How to prepare for power outages
The weather in Calgary is known to change on a dime and this can put a huge strain on electric power systems. Freezing rain, blizzards and high winds can damage power lines, meaning a loss of power for an unknown period of time. Most power outages are over in less than a minute, but what happens if the outage lasts an hour, a day, even a week? By preparing ahead of time, you can lessen the impact of a prolonged outage significantly. Here are a few steps you can follow:
- Install a non-electric standby stove or heater. Choose units that don’t rely on an electric motor, fan or other electronic components to run. Do not connect two heating units to the same chimney flue at the same time.
- If you have a wood burning fireplace, get the chimney cleaned once a year to reduce creosote build-up which could ignite and start a chimney fire.
- If your standby stove or heater run off of the house gas lines, have a certified tradesperson come and install shut off valves.
- Know the power requirements of your home before buying and using an emergency generator.
- Know evacuation routes in case of emergency.
- Build an emergency kit with a flashlight, batteries, a portable phone charger and extra clothes to keep warm.
The power is out. Now, what do you do?
- Double check that the outage isn’t limited to your house. If your neighbours have power, it might be an issue with your circuit breaker or fuse box.
- Notify your electric company of the outage.
- Turn off all tools and appliances to lower the risk of damaging them when the power comes back (this includes lights). Leave only one on so you can tell when power comes back.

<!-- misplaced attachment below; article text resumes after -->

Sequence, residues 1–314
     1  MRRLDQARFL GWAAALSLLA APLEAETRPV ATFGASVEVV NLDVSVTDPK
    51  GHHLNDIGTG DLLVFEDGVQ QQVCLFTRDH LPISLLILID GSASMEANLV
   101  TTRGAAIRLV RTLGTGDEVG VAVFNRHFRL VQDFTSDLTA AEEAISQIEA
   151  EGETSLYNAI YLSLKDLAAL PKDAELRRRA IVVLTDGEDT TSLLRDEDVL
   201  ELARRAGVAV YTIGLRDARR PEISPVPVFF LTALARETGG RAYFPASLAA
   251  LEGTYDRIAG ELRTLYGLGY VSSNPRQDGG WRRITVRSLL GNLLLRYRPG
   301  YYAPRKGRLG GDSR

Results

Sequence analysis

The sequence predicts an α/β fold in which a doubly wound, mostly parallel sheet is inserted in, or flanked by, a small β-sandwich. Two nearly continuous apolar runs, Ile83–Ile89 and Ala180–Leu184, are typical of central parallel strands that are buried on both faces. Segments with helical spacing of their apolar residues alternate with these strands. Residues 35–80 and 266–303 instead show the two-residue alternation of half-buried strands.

- Use proper candle holders if you use candles as light sources. Don’t leave them unattended and keep them out of reach of kids.
- Keep your fridge and freezer closed as much as possible. They will keep food cold for up to 36 hours. Keep a bag of ice in the freezer. If it melts, the food is probably bad. When in doubt, throw it out.
The power is back on. What next?
- Don’t enter any flooded areas unless you know for sure the power is disconnected.
- Don’t turn on any electrical devices that have been flooded. Have them inspected by a professional.
- Replace the furnace flue if it was removed and turn off the standby heating unit.
- Give the electrical system a chance to stabilize before reconnecting tools and appliances. Turn up your heat slowly.
- Reset your clocks.
- Restock your emergency kit.
Hopefully, these tips won’t need to be put into practice anytime soon, but it’s good to know how to handle emergency situations. With the unpredictable weather in Southern Alberta, you never know what it will be like tomorrow or even an hour from now. As it is Emergency Preparedness Week, we encourage you to stay prepared and stay safe, Calgary.